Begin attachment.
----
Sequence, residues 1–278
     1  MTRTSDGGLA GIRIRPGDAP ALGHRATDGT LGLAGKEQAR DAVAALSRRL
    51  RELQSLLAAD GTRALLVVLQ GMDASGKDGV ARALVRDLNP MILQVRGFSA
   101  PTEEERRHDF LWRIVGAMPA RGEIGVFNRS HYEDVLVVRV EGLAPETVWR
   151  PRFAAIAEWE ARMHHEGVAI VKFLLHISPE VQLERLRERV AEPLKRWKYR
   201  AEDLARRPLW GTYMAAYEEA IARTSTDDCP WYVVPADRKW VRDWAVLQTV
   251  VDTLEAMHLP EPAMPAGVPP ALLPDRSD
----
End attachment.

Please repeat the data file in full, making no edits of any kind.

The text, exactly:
Sequence, residues 1–278
     1  MTRTSDGGLA GIRIRPGDAP ALGHRATDGT LGLAGKEQAR DAVAALSRRL
    51  RELQSLLAAD GTRALLVVLQ GMDASGKDGV ARALVRDLNP MILQVRGFSA
   101  PTEEERRHDF LWRIVGAMPA RGEIGVFNRS HYEDVLVVRV EGLAPETVWR
   151  PRFAAIAEWE ARMHHEGVAI VKFLLHISPE VQLERLRERV AEPLKRWKYR
   201  AEDLARRPLW GTYMAAYEEA IARTSTDDCP WYVVPADRKW VRDWAVLQTV
   251  VDTLEAMHLP EPAMPAGVPP ALLPDRSD